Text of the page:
Many thanks to Marion County Naturalist Marla Mertz for these views of a spectacular native plant. In case you missed it, check out her first contribution to this series, featuring the much smaller (but still striking) showy orchis. -promoted by desmoinesdem
The prairie presents her Queen! The Queen of the Prairie, Filipendula rubra. Filipendula: from Latin filum for “thread” and pendulus for ‘hanging,” in reference to the small tubers strung together by the fibrous roots. Rubra: from Latin, meaning “red”. The panicle of pink flowers and buds exudes her beauty in the month of June.
To some observers, one may think of cotton candy. She stands high above any prairie grasses and forbs this time of year, and your eyes can’t help but make a connection with this beauty.
The Queen of the Prairie is a very tall and regal plant and well deserving of its common name. The feathery, plume like, clusters are grouped together four to ten inches across and may be up to more than twelve inches long. Individual flowers are approximately 1/2 inch across and the five petals can be a deep peach to pink in color.
The grouping of flowers on the main branch is referred to as inflorescence. The Queen may have many small groupings of flowers that possess 200-1,000 small pink-petaled flowers and may have approximately 5,000 seeds. The numerous stamens give the flower the fuzzy appearance. One individual flower will have five petals, has carpels (female reproductive structure) that are free from one another, while also having 5 to 15 pistils.
This herbaceous perennial plant is unbranched and about 3-6′ tall. The central stem is smooth and sometimes reddish. The alternate compound leaves are up to 2′ long. They are often yellowish green, and become much smaller and sparser while ascending the central stem. Each compound leaf consists of 1-7 palmate leaflets that are aligned along each reddish leaf-stem in succession. Each leaflet is up to 6″ long and across and has 2-5 cleft lobes. The margins are coarsely dentate.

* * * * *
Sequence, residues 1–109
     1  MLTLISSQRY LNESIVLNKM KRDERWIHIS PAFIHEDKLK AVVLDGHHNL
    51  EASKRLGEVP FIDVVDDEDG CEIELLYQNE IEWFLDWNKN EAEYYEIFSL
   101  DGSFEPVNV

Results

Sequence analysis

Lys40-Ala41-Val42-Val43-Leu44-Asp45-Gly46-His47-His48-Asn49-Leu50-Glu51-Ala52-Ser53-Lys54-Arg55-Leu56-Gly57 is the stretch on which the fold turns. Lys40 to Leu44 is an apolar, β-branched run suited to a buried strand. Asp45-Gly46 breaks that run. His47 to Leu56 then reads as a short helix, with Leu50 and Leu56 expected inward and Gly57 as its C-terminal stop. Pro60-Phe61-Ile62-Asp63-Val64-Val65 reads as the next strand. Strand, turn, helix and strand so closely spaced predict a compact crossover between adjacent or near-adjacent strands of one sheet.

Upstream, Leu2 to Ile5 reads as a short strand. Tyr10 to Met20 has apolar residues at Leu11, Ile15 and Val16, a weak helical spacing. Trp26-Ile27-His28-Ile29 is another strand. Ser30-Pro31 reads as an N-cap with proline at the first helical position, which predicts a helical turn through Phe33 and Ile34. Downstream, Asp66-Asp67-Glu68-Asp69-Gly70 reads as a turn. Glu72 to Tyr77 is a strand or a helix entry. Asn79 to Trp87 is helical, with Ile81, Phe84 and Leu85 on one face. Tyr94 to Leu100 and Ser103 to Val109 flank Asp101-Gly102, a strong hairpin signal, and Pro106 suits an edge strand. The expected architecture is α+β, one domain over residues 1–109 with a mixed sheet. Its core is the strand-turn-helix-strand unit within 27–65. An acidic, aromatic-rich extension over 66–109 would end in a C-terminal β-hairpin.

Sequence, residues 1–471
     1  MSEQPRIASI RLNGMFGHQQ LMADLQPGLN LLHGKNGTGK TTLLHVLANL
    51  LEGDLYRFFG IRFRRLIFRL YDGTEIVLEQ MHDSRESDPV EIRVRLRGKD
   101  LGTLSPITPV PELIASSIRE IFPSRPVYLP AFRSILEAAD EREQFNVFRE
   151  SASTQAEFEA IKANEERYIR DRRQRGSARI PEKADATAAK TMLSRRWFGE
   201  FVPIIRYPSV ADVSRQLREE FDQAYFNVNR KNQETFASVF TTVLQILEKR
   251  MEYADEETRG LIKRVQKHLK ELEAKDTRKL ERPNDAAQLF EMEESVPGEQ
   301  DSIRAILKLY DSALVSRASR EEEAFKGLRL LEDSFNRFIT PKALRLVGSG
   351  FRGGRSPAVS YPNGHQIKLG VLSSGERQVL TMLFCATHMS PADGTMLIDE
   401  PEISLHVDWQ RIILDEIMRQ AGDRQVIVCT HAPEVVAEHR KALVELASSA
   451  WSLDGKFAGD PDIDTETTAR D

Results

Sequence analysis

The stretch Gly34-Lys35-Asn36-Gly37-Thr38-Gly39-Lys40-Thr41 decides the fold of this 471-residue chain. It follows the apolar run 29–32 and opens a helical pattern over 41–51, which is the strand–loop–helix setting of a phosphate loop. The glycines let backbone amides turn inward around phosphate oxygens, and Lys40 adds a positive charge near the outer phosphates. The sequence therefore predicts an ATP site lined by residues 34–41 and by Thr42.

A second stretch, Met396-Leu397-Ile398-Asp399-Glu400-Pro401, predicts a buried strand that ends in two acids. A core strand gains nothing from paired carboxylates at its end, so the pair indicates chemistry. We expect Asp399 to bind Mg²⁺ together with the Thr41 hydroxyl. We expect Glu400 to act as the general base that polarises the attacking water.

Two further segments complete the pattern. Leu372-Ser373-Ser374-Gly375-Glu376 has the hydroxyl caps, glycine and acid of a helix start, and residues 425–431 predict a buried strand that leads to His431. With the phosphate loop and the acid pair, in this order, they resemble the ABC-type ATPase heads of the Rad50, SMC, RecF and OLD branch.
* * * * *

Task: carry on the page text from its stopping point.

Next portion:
This species is native to the State of Iowa and is currently noted as a ‘threatened specie’. The typical habitat is wetland plant communities, occasionally found in spring seeps and wet prairies. F. Rubra is known for its air-borne pollen, however pollination is only effective when the pollen is transferred to a different plant. Pollination is given help due to insects spreading pollen such as the “sweat bee”. The process the plant has to go through in order to pollinate is difficult than that of regular plants due to its inability to fertilize itself and is further endangered by habitat loss throughout much of its native distribution.
Check out this link for endangered and threatened plant species for the State of Iowa. https://www.legis.iowa.gov/docs/ACO/rule/571.77.3.pdf
Here the Queen has gone to seed, still lovely. The little queen (what I call the princess stage) is just blooming within the monarda (more commonly known as wild bergamot, bee balm, or horsemint).
A closer look at the seed head:
An artistic view: my summer technician Becky Visser was enamored with the Queen and presented this watercolor to me. She has passionately been removing invasive plants around the area.
Photos taken at Cordova Park, local ecotype reconstructed prairie.
Marion County Conservation Board.